Congratulations, you’re now an adult! You’re ready to be independent and moving on to the next steps in life. And part of adulting is getting a job. Unfortunately, finding one isn’t so easy these days. And it’s not just because there is a lot of competition as well as a lack of available, good-paying jobs. Students who want to work also have to deal with job scams, also known as recruitment fraud.
Recruitment fraud is when scammers post or offer a fake job to those seeking employment to swindle people out of their money, steal their identity, or even use them for money laundering. According to the Better Business Bureau, around 14 million people get tricked by job scams with an estimated loss of more than $2 billion every year. And based on their study, individuals aged 18 to 24 are more likely to fall victim to a job scam than those ages 35 and older. Plenty of students needs a source of income and assistance for study and living expenses. Those who recently graduated are desperate to get a job and start paying off their student loans. Because of these reasons coupled with their inexperience, it’s not difficult to see why students are being targeted by these scammers.
Here are the most common student job scams and all they should know to protect themselves from getting involved.
Fake Jobs on Social Media
Everyone is on social media, so it’s not really surprising that scammers are now using these platforms to find new victims. There are fake Facebook pages that post and promote “opportunities.” Sometimes, you’ll find recruitment fraud on legitimate pages, too. You probably also noticed that there are random comments in threads that talk about an “amazing opportunity.” An opportunity that has nothing to do with the topic in the thread. The posters usually tell you to message them directly or to click on a link.
There are also fake jobs on LinkedIn. Scammers create fake profiles and post their job listings in LinkedIn Groups. Even real people can be guilty of sharing fake jobs – they just don’t know it.
A reshipping scam is one of the most popular work-from-home opportunities you’ll find offered online. The “job” involves getting paid to receive a package at home and reshipping it to another address, often outside of the US. It is important to note that there is no legitimate job that involves doing this. In fact, you’ll be committing a crime if you get involved in a recruitment fraud such as this. The packages typically are filled with goods bought online using stolen credit cards.
Some scammers will provide you with prepaid shipping labels so that you won’t need to pay any fees upfront. However, there are others who will ask you to shell out money first for the shipping charges, promising to reimburse you by adding it to your paycheck. Unfortunately, the check might be fake which means you’re out of some money AND you’ve committed a crime.
Money mule scams
Money mules are individuals who transfer funds at someone else’s direction, not knowing that they are laundering money. And the number of teenagers who are tricked into acting as money mules is rising – by 73% in the space of just two years. In fact, some of them are being victimized by influencers on social media. One such influencer on Instagram, Kayla Massa, was arrested and charged for scamming more than 45 of her followers and businesses out of at least $1.5 million. Most of their followers were under the age of 18.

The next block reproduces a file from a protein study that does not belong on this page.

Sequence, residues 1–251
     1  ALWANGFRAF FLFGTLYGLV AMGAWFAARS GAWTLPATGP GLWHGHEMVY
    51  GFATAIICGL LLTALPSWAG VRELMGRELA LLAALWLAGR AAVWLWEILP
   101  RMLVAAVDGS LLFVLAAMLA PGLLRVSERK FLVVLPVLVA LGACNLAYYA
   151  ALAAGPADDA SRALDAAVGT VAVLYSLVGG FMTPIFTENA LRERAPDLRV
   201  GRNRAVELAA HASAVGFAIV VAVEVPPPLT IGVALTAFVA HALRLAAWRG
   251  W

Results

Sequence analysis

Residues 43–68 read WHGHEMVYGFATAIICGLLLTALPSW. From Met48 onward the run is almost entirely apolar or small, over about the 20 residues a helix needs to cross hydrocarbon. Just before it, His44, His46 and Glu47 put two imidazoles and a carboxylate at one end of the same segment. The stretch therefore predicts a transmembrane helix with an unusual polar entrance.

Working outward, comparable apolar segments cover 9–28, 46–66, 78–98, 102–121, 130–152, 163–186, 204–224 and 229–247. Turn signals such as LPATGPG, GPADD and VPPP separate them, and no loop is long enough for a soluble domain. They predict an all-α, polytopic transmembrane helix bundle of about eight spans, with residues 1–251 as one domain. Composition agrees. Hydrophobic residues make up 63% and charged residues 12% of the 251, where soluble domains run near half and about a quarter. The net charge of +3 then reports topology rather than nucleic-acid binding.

How does the scam work? Once the student agrees, the scammers will deposit money into the account. Then, they’ll ask him/her to give part of the money (without their cut) to someone else through wire transfer, gift cards, cryptocurrency, or even cash. The checks and money orders are usually illegally obtained and/or counterfeit. And when the bank finds out the check is fake, the students might be asked to repay it. Worse, the students unknowingly become part of a large fraud network, resulting in them becoming charged with several criminal offenses such as fraud and money laundering. This can result in hefty fines and/or prison time.
Career Consulting Scams
Sometimes, desperate times call for desperate measures. And that’s exactly what some less-than-honorable career consultants are hoping for. These individuals are looking for people who are desperately in need of a job. They will tell you that you have an impressive resume and would like to help you find a job. But to ensure your success, you’ll need to improve certain skills which means purchasing some of their products or services, including training sessions. While their job may be valid, getting you to buy their products and/or services before helping you get a job is still a scam.
Phishing is when someone attempts to steal another person’s sensitive information (i.e. credit card numbers, log-in information, social security number) through social engineering. This can be done over the phone or online. The scammers often pretend to be part of a legitimate organization to trick you into revealing sensitive data.
There are several ways that they do this. You might receive an email telling you that they have an open position in their company that you are qualified for. To apply for the job, you’re given a link that directs you to a form that requires your personal information. You might receive a call from a recruiter who wants to set up a time for an interview and asks you to provide certain information. Or, you might get hired first before your “employer” asks you to provide them with your bank details, social security number, passport, etc.
Recognize and Avoid Job Scams
It’s not always easy to discern whether a job is a recruitment fraud or not, especially these days. This is why it’s incredibly important that you are able to spot them before you get swindled out of your time or, worse, your hard-earned money.
- job offers that are “too good to be true.”
If the job is too good to be true, then it probably is. While it is true that there are amazing job opportunities out there, you should always be cautious and make sure there aren’t any red flags. For example, if the salary is way more than you normally earn and/or the position requires very little to no experience. Below are other instances of “too good to be true.”
- There’s no need for an application or an interview.
- You are asked to start immediately.
- They contacted you, not the other way around. That’s not to say that there may be times that the company will be legitimate. However, based on data gathered by BBB Scam Tracker, 80% of victims stated that the initial contact was made by the scammer either through social media or a job board. So, if this happens, do your research before scheduling the interview.